The three skin-care products in the Asystem line, which launched in September, include the Twice Daily Invigorating Cleanser, containing bamboo stem cells and bergamot, and the Overnight Rebuilding Cream, which has as a key ingredient, the Indian anti-aging herb swertia chirata.
The supplement packets include five capsules, such as a multivitamin and others to boost brain function (omega-3 fatty acids) and overall rebuilding (ashwagandha). In September, Walsh and LeVine opened a 4,200-square-foot space in Venice, where they have events focused on mind and body topics, including guided meditations and workout classes. (Subscribers and customers of the brand are invited to the events.) In October, for example, there was a guided visualization with hypnotherapist Camilla Sacre-Dallerup in partnership with meditation studio Unplug.
“For us, these are the ways to build a community that men would want to be a part of,” LeVine said.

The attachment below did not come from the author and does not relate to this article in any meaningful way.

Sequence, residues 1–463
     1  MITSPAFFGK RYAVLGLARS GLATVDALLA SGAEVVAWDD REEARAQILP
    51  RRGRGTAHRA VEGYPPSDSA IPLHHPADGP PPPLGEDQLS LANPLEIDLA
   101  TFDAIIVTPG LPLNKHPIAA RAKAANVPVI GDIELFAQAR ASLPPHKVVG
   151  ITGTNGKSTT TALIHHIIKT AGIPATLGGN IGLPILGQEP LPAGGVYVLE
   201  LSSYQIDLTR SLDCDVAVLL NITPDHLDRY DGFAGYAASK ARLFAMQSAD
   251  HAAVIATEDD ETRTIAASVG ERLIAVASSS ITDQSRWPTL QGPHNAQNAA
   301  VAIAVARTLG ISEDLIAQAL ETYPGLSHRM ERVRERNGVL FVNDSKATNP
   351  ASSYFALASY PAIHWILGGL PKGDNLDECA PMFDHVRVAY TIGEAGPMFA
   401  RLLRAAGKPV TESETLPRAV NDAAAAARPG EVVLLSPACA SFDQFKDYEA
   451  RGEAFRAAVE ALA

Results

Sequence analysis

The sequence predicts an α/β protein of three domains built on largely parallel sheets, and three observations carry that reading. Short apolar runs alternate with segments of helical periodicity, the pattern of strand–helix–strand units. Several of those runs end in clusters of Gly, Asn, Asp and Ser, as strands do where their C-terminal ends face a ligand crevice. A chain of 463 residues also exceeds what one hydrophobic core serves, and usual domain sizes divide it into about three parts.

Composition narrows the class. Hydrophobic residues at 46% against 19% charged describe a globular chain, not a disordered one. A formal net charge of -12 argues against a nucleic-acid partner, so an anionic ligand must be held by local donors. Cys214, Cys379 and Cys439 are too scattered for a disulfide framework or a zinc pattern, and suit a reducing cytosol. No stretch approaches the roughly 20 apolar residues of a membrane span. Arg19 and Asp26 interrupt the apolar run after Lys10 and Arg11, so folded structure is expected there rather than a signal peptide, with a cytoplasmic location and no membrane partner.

A 30-day supply of the skin-care products as well as supplements is $99. The items also can be ordered separately.
The ritual of bathing and an infusion of CBD (short for cannabidiol) is at the heart of Natureofthings, a luxe Newport Beach-based brand that launched in October.
JP Collett, co-founder of the brand, said he wanted the products to center around three things: plants, water and minerals. The initial rollout, which will be available at Mohawk General Store locations in L.A., comprises six products, including the brand’s Restorative Floral Bath, a concoction of shea butter, green-tea oil and extracts of malachite and quartz; and Nourishing Body Cream (botanical oils, black pepper and a hint of the scent of jasmine).
Natureofthings also makes digestible powders that can be taken daily: Lucidity, with 15 milligrams of CBD — it’s a compound found in cannabis plants — mixed with energizing ingredients such as bacopa and lion’s mane mushroom for daytime; and Soothing, with 30 milligrams of CBD combined with turmeric and black pepper for relaxation and sleep. Collett said the objective of the brand is to offer CBD as “a medicinal and highly effective part of your routine, whether it’s skin care, a dietary supplement or a mix of both.”
Prices range from $50 for a packet of 12 sachets of digestible powder to $150 for the Restorative Floral Bath (enough for five pours).